Virginia lawmakers OK McCullough for Supreme Court justice

RICHMOND — Republican lawmakers approved elevating Court of Appeals Judge Stephen McCullough to the Virginia Supreme Court on Thursday, defeating Gov. Terry McAuliffe in a lengthy political battle over whether the Democrat’s high court appointee belongs on the bench.

McCullough’s election as lawmakers raced to finish their work for the year means Jane Marum Roush will not retain her Supreme Court seat, infuriating McAuliffe and Democratic lawmakers, who accused Republicans of playing politics with the bench.

“I’m disgusted by the whole process,” McAuliffe told reporters Thursday. “We had a very qualified woman. … And they treated her like dirt and they kicked her to the curb. We shouldn’t treat anyone like that.”

In Virginia, governors can temporarily appoint judges and justices when lawmakers aren’t in session. But the final authority for electing judges rests with the General Assembly. McAuliffe initially appointed Roush to fill the vacancy last summer, but Republicans refused to go along with it because they said the governor didn’t consult with them beforehand.

Republican leaders initially sought to put Court of Appeals Judge Rossie Alston on the bench. But they failed to get enough support for Alston, so they put McCullough’s nomination forward Wednesday after briefly considering former Attorney General Ken Cuccinelli for the court. Cuccinelli said he wasn’t interested in the job.

Across the two legislative bodies, only one Democrat — Del. Luke Torian — supported McCullough’s election. The rest of the Democrats did not cast votes, saying they objected to the way the situation was handled.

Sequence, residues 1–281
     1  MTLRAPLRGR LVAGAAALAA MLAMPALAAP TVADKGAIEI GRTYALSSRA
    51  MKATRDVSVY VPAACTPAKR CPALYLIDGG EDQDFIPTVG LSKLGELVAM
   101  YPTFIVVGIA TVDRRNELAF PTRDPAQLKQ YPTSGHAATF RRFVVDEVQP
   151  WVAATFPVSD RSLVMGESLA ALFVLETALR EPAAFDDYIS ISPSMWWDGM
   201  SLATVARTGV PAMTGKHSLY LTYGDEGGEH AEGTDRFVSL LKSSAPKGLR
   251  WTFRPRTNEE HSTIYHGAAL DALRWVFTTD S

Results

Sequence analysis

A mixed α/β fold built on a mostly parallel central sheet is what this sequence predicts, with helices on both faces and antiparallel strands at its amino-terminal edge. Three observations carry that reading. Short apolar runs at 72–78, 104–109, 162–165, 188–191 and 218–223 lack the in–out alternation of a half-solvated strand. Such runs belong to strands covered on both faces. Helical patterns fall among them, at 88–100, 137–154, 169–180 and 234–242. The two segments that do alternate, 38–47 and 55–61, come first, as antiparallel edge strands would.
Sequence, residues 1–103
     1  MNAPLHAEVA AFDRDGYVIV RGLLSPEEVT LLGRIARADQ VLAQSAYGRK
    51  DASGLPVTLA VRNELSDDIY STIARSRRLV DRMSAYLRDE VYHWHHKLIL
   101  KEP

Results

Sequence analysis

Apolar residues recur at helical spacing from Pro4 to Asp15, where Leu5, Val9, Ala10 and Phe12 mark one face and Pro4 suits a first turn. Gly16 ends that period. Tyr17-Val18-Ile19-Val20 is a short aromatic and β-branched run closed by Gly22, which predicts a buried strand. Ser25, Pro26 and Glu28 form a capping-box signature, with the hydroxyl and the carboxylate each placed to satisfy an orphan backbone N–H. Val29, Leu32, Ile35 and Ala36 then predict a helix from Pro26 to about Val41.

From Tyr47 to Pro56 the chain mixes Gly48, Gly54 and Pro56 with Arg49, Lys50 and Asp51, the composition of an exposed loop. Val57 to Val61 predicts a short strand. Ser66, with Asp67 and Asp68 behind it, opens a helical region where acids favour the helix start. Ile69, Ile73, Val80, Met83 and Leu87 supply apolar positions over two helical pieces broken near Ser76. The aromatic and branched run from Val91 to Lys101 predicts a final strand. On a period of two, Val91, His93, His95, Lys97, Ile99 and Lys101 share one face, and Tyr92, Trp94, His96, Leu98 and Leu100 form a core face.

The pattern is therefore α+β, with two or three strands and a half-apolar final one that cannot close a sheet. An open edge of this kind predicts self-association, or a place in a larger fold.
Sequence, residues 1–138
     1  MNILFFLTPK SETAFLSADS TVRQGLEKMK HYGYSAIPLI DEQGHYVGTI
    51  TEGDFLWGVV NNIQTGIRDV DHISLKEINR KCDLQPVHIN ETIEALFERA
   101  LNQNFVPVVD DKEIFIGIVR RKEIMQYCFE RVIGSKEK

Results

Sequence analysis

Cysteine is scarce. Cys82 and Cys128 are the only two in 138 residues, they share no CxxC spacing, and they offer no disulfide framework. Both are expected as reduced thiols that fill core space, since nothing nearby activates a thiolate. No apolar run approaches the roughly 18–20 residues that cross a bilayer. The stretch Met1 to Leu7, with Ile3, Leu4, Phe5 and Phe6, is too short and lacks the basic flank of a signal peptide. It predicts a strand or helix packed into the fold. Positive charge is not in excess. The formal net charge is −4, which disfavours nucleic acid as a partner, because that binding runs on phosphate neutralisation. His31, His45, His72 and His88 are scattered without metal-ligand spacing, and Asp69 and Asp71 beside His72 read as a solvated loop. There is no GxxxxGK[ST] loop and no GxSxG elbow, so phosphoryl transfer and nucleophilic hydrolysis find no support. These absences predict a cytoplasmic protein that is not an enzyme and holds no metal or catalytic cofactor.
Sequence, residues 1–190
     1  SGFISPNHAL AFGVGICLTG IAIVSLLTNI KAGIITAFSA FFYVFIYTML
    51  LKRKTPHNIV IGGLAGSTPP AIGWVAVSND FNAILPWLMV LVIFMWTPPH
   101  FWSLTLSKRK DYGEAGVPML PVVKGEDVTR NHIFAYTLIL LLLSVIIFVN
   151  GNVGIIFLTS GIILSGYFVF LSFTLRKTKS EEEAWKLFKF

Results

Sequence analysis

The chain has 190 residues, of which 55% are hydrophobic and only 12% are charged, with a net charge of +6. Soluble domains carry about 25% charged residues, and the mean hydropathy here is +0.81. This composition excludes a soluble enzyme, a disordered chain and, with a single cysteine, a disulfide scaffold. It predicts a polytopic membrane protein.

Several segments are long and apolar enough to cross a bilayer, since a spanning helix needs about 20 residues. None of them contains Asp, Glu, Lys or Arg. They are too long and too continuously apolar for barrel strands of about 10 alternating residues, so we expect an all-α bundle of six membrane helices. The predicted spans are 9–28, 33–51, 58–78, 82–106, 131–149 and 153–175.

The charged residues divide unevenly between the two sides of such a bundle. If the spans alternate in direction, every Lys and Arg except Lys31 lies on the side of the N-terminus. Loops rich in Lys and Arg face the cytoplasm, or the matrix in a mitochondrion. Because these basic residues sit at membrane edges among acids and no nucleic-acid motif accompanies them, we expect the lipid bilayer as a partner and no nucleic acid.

“This is no way to pick a Supreme Court justice,” said Democratic Del. Rip Sullivan. “Our General Assembly, our Commonwealth and our court are diminished as a result.”

Roush said in a statement that she’s disappointed she won’t be able to continue her “commitment to public service” as a Supreme Court justice.

Prior to being elected to the Court of Appeals in 2011, McCullough worked in the Virginia attorney general’s office for more than 10 years. He told lawmakers Wednesday that his view of the Constitution closely aligns with that of late U.S. Supreme Court Justice Antonin Scalia.

Republicans didn’t disagree that Roush was qualified for the bench. But they said McAuliffe breached protocol by not giving them a heads up before appointing her last summer. On Thursday, they praised McCullough as a highly qualified candidate and accused McAuliffe of trying to usurp their constitutional authority to elect a Supreme Court justice.

“To protect our rights and liberties, we must elect judges who will adhere to the Constitution and apply the law as written,” Republican Sen. Mark Obenshain, chairman of the Senate Courts committee, said in a statement. “Judge McCullough has already demonstrated he is a principled jurist of outstanding character. We are fortunate to have him on the Supreme Court.”

Associated Press writer Alan Suderman contributed to this report.

 

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